Which asset allocation strategy should retirees use?

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Which asset allocation strategy should retirees use?
Retirees using a dynamic asset allocation approach in investing may opt for current market valuation or their funded ratio as basis for the allocation, writes Wade Pfau, professor at The American College, in this article on Forbes. When using the valuation-based asset allocation, retiree investors lower their stock allocation when the portfolio is very likely to experience a big decline in value, writes the expert. On the other hand, retirees whose asset allocation is based on their funded ratio curb their portfolio's volatility when they have "enough assets to just get by with meeting their retirement spending goals using a low-volatility portfolio."
Everything you need to know about reverse mortgages
Seniors have the option to tap into their home equity by taking a reverse mortgage to create a new income stream, according to this article on MarketWatch. Clients who get a reverse mortgage are not required to make monthly principal or interest payments, and they may opt to have a line of credit instead of receiving the loan proceeds as a lump sum. They may also repay the mortgage using the proceeds from the sale of the property.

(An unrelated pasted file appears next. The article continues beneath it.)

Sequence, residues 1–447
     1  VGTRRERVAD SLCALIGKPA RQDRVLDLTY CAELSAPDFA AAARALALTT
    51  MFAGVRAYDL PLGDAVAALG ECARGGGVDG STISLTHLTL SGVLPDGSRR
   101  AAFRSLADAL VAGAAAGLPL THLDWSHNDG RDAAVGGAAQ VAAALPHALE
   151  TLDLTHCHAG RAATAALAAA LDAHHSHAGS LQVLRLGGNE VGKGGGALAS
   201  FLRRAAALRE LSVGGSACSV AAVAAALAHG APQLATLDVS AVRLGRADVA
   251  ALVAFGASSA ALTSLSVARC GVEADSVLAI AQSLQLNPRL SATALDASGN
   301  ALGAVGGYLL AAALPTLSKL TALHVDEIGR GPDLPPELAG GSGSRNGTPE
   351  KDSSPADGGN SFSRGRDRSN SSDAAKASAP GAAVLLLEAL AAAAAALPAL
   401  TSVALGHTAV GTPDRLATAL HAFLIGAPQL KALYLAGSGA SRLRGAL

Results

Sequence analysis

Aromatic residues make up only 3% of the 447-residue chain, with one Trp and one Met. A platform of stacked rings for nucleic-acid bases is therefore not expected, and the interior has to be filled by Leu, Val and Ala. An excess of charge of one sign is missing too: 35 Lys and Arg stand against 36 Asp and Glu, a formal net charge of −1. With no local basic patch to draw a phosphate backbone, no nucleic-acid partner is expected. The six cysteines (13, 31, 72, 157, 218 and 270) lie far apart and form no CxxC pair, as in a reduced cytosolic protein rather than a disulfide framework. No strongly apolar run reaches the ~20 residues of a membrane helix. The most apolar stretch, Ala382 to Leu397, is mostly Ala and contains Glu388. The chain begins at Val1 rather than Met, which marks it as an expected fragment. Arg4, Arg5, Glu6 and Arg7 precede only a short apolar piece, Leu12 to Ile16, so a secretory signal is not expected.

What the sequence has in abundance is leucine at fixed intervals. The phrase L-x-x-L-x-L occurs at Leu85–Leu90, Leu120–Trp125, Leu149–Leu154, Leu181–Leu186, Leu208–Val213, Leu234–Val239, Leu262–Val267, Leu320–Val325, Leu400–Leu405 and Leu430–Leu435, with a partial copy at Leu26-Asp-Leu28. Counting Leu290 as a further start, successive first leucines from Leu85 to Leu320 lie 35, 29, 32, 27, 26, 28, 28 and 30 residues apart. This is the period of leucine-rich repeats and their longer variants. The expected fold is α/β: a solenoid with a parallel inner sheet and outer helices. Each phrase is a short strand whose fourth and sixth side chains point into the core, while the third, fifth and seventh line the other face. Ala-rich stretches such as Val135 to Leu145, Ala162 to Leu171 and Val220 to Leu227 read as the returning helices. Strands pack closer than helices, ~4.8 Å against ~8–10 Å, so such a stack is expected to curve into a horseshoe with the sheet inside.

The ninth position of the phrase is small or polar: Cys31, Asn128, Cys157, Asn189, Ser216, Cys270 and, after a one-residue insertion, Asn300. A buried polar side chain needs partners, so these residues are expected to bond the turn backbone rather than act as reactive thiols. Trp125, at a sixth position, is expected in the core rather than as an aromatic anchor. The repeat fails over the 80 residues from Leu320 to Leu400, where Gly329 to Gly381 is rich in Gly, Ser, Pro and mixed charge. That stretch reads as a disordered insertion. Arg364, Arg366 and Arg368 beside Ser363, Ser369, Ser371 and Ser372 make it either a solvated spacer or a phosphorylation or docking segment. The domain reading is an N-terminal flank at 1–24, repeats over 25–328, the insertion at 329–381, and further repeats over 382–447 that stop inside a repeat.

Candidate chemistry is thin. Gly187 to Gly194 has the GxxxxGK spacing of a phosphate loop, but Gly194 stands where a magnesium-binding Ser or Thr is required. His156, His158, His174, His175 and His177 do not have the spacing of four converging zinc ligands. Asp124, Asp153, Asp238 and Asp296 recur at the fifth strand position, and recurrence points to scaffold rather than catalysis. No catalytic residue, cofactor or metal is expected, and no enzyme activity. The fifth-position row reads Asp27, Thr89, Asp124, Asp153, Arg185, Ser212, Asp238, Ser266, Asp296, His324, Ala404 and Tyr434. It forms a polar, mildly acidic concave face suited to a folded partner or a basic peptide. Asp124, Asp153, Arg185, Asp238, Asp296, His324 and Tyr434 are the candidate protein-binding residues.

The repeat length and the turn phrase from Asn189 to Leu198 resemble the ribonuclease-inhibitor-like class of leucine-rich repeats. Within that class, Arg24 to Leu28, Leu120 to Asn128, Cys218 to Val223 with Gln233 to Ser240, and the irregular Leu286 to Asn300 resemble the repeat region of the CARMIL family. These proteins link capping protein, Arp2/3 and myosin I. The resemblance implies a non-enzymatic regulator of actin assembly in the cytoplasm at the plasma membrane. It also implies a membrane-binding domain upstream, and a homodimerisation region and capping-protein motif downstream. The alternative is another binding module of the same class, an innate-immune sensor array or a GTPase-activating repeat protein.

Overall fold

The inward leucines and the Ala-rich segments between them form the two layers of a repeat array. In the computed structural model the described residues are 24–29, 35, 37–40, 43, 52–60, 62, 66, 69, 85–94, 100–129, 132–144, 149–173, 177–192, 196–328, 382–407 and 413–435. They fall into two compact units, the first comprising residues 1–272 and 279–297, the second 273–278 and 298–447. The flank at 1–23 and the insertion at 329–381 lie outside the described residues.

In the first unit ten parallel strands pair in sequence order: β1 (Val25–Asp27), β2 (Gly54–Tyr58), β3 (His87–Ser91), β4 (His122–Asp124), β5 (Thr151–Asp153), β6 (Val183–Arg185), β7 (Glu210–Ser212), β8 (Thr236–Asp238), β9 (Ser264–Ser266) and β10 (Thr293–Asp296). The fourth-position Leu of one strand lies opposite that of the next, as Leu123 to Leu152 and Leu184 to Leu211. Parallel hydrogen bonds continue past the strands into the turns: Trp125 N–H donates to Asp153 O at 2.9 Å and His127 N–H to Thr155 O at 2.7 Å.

These five cities have everything you are looking for in retirement
Cities in the Midwest dominated the list of best cities to retire from consumer research firm GoodCall, according to this article on CNBC. The list is based on various factors, including state income taxes, healthcare costs, weather, crime rates, and recreation and entertainment. Average healthcare costs in the top-rated cities on the list were 5% lower than the national average. "Because seniors anticipate more health problems, they are also looking for abundant and affordable health care, and places with better tax environments to make their money go further," says an analyst.

Can I own more than 1 IRA?
Clients would be better off saving in a traditional IRA and a Roth IRA for retirement, according to this article on Motley Fool. Distributions from the two accounts receive different tax treatments, which will give them greater flexibility and control over their retirement income and tax liability. Having two IRAs will also enable clients to have more providers and subsequently more investment options.

Battle isolation by staying engaged
People are likely to get isolated after they retire, and clients can avoid this by rethinking their retirement and addressing this issue in their retirement plan, according to this article on Kiplinger. “Building the social capital you’ll need in retirement is just as important as saving for your nest egg,” says an expert. “One of the silliest mistakes older people make is to retire to a warmer climate where they don’t know anyone. They realize as they get older, they need some help, and no one’s around.”

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